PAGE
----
Before these elections, Berlin and Mecklenburg had been ruled by SPD-L.PDS coalitions that pursued severe social and actual wage cuts. The eastern state of Mecklenburg-Vorpommern is probably the poorest in Germany. It has lost over 10% of its population since re-unification and has 18.2% unemployment, the highest in Germany’s 16 regional states. Berlin is second-highest with 17.4%.
In Mecklenburg, where the SPD-L.PDS coalition has governed since 1998, the SPD suffered most this time, its vote dropping from 394,118 (40.6%) in 2002 to 247,291 (30.2%). While the L.PDS saw a small increase in percentage terms (16.4% to 16.8%), its vote fell from 159,065 to 137,248. However, the L.PDS’s big crash took place between 1998 and 2002 when it slumped from 371,885 (34.4%) to 159,065. So, in eight years its vote in Mecklenburg has fallen by nearly two-thirds.
In Berlin, the SPD did not lose so much, partly because of its slightly radical sounding local leader, Klaus Wowereit. This is despite the fact that in the election he criticised the CDU for not being a ‘driving force’ for cuts when it ran Berlin! But the L.PDS, suffered massively. Its vote fell from 366,292 (22.6%), in 2001 to around 186,000 (13.4%). Many of those who voted for the SPD and L.PDS only did so to keep out the openly right-wing parties and the far-right.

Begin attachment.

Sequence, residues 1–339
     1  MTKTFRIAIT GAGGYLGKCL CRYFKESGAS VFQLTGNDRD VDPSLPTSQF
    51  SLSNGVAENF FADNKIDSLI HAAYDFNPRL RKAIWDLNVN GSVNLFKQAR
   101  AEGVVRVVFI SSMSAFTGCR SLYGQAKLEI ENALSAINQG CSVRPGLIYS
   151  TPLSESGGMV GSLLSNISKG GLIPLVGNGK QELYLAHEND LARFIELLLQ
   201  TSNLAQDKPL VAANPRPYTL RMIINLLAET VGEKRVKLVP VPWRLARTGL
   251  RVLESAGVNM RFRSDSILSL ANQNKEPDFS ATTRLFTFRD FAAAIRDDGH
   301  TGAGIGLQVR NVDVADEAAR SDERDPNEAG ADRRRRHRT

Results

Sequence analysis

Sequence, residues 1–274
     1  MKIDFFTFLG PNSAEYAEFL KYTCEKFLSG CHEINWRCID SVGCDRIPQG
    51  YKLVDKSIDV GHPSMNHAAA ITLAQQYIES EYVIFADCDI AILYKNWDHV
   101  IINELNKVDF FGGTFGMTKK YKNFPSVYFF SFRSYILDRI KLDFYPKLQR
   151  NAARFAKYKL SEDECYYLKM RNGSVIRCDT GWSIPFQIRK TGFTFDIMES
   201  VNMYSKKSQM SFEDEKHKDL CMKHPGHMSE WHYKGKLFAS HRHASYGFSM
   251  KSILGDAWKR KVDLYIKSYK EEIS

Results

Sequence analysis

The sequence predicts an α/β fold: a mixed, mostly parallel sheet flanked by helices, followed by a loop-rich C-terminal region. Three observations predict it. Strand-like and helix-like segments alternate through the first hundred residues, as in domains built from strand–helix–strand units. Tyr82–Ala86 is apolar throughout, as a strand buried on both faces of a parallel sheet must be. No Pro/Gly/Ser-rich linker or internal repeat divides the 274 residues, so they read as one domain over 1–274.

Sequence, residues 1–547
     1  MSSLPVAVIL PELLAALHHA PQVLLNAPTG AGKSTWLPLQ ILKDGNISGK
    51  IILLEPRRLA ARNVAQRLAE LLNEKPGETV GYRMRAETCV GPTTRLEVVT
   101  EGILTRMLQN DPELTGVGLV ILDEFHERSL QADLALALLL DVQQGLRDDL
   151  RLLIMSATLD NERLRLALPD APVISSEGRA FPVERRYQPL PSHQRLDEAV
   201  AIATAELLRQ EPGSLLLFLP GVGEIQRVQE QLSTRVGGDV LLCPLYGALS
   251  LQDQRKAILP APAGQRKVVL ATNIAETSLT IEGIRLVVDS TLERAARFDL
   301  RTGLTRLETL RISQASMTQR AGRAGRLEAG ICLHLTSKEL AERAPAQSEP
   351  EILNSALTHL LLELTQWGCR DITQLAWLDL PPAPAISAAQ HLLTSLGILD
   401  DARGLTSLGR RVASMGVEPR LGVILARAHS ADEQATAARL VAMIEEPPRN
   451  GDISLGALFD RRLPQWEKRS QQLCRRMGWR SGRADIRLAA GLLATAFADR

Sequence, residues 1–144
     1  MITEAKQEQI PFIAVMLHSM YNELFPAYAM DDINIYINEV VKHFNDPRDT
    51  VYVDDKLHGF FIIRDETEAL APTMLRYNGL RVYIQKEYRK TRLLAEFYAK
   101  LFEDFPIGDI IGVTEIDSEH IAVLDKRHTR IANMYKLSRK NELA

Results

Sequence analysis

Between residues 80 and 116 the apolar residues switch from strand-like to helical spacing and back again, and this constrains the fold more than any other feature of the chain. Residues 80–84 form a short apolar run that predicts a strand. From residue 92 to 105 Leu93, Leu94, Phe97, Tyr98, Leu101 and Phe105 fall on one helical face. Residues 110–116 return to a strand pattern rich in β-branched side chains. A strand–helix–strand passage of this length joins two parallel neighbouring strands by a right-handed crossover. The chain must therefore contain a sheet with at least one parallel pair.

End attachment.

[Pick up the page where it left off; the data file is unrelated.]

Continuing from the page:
The support of Oskar Lafontaine, the former SPD leader who is now the WASG leader, for the Berlin L.PDS has made it more difficult to build a large anti-cuts alternative. Lafontaine and others in the WASG will be questioned to justify their support for a L.PDS leadership that saw its vote in its east Berlin heartland slump from 297,251 (47.6%) in 2001 to just over 150,000 (28%). This massive defeat, and the Berlin WASG’s 52,000 votes, should be the starting point for a real discussion on the future of the left in Germany, particularly next year’s proposed fusion between the L.PDS and WASG. The potential for an anti-cuts movement was to be seen also in the over 30,000-vote jump in Berlin for ‘Die Grauen’ (Grey Panthers), a party representing pensioners, who have been hit significantly by cuts.
This election took place against the background of falling popularity of the national grand coalition of the Christian and Social Democrats that raises questions about how long it will last. September’s Deutschlandtrend opinion poll showed national support for the Christian Democrats (CDU and CSU) at 34% and the SPD at 28%, compared with their respective votes in the September 2005 general election of 40.8% and 38.4%.
The question is how can the dissatisfaction and anger be expressed? Trade union leaders have finally announced the details of five regional protest demonstrations on 21 October. This is a welcome step forward, but the DGB trade union federation has stated that it is opposed to some government policies, but not to the government itself. Clearly, it is not planning to lead a serious campaign. This puts more responsibility on activists and the left to build from below as was done for the 100,000-strong 1 November 2003 protest that helped open the way for the WASG’s formation in 2004.